Nancy J Pollock. Cambridge World History of Food. Editor: Kenneth F Kiple & Kriemhild Conee Ornelas. Volume 1. Cambridge, UK: Cambridge University Press, 2000.
Kava is both a plant and a drink made from that plant for ritual occasions. Kava usage is limited mostly to the Pacific basin, where it occurs widely from New Guinea in the west to the Marquesas in the east, and from Hawaii in the north to the southern Cook Islands. Some societies have ceased using it in recent times, whereas others ceased but began again after missionary prohibitions lessened and national independence brought kava to the fore as a mark of national identity (Brunton 1989).
A narcotic effect is commonly thought to be the main reason for kava’s consumption, but elaborate rituals have developed with kava as their centerpiece, together with complex rules about who can drink the substance and when. Powerful cultural elements that persisted into the 1990s led to the commercialization of the root; kava is now drunk by overseas island communities in Auckland, Sydney, Honolulu, and Los Angeles. Indeed it seems that kava has evolved as a major force in the maintenance of the identities of Pacific islanders at home and abroad.
“Kava” is the term for the whole plant, which according to Western botanical terminology, is Piper methysticum, placing it among the pepper families (Lebot, Merlin, and Lindstrom 1992). But “kava” may also refer to the beverage made from the roots or stem of the plant. Moreover, the term can mean a ritual in which the crushing of the root to make the beverage is a noteworthy activity.
Kava is a reconstructed Proto-Oceanic term within the large Austronesian language family (Biggs, Walsh, and Waqa 1972: 30). It, or a similar word, such as ‘ava, is still widely used throughout the eastern Pacific to refer to the same root. In Pohnpei in Micronesia, the word is sakau, a close cognate. In Fiji, kava is referred to as yaqona, a term that probably reflects its bitter taste, qona/kona. Throughout Vanuatu, which has some 170 vernacular languages and dialects, the terms for kava are quite varied (see Lebot and Cabalion 1988: 54-67 for a list). In northern Vanuatu, kava is known as maloku, meaning quiet, subdued (Crowley 1990), while nikawa, a close cognate, appears only in Tanna in southern Vanuatu. The local term for kava in Papua New Guinea is also quite varied (see Lebot and Cabalion 1988; Brunton 1989).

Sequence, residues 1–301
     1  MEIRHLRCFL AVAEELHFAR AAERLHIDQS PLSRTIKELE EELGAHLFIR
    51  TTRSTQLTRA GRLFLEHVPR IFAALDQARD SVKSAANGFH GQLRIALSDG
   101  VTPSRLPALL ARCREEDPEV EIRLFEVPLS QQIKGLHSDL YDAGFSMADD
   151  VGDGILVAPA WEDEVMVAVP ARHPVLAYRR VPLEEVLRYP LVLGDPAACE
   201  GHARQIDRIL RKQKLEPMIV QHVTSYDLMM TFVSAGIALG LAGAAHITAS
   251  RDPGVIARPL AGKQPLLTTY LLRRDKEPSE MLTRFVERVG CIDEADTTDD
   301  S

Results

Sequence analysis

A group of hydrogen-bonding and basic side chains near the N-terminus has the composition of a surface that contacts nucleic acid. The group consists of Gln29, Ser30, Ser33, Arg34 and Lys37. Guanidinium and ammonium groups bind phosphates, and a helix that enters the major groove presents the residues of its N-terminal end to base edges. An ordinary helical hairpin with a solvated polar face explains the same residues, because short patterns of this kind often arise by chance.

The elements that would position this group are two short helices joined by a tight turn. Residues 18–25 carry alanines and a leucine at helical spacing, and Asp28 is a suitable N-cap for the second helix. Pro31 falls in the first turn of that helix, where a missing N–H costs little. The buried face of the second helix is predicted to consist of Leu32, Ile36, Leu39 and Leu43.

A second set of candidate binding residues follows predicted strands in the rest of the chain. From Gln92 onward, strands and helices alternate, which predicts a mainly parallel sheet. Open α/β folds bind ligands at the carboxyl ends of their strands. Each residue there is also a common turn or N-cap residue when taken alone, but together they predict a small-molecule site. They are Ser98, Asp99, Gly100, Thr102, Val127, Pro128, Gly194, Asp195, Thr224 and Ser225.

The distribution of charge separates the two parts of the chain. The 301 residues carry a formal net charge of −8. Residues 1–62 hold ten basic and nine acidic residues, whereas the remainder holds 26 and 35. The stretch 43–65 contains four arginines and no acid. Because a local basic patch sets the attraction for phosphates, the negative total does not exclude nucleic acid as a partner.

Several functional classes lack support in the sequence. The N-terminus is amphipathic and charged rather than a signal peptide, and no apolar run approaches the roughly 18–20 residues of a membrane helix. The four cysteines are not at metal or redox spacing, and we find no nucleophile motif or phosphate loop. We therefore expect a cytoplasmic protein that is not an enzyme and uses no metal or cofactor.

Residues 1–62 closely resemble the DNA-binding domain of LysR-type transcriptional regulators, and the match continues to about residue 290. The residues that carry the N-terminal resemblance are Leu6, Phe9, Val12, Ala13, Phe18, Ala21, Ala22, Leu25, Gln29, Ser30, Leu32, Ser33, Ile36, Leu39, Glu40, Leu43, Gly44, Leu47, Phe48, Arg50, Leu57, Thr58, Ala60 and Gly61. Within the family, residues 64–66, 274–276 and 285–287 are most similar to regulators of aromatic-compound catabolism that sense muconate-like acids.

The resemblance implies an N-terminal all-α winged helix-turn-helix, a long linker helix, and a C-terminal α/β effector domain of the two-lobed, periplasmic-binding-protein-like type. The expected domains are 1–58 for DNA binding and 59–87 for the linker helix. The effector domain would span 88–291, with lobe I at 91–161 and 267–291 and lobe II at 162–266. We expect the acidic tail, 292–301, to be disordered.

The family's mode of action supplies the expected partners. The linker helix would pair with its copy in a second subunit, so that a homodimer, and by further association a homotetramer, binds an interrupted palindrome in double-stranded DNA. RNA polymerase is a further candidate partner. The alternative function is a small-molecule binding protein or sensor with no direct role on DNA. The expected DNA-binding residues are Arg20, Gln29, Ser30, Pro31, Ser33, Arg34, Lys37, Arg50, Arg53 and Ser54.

Origin and Spread
The origin of the kava plant and the relationships among the many different cultivars found today have both been subjects of detailed study by botanists (Lebot, Aradhya, and Manshardt 1991). Using material collected from throughout the Pacific, they have traced genetic links among the various samples, concentrating particularly on diversity in the Melanesian area.
Vincent Lebot and P. Cabalion (1988) have produced an inventory of the names of local cultivars around the Pacific. From chromosome counts they distinguish the genus Piper wichmannii from that of Piper methysticum. P. wichmannii, the wild form, has been located only in Melanesia, that is, in parts of New Guinea, the Solomon islands, and northern Vanuatu. In contrast, P. methysticum, the cultivated form, has been found throughout the high islands of Polynesia and on the high islands of Pohnpei and Kosrae in eastern Micronesia, and in Melanesia. P. wichmannii has been found to have higher isozyme variability than P. methysticum, but the two overlap for zymotype, leading the authors to suggest that there is no taxonomic distinction between the two plants.
Lebot and Cabalion, along with Vincent Lebot et al. (1991: 181), suggest that what was being selected for was the kavalactones, which have a physiological effect when the product is drunk. They indicate that P. methysticum was “domesticated through vegetative propagation from a narrow genetic base in wild fertile progenitor … becoming sterile through mutations affecting fertility… Because P. methysticum must be cultivated, this plant has resulted from human selection of somatic mutants… That selection process has resulted in variability in both morphological characteristics and the kavalactones” (Lebot et al. 1991: 181). The root of P. wichmannii, which according to Vanuatu oral tradition was made into a drink, was too powerful in its effect and induced nausea (Weightman 1989: 236).This may be a reason that P. methysticum was developed instead.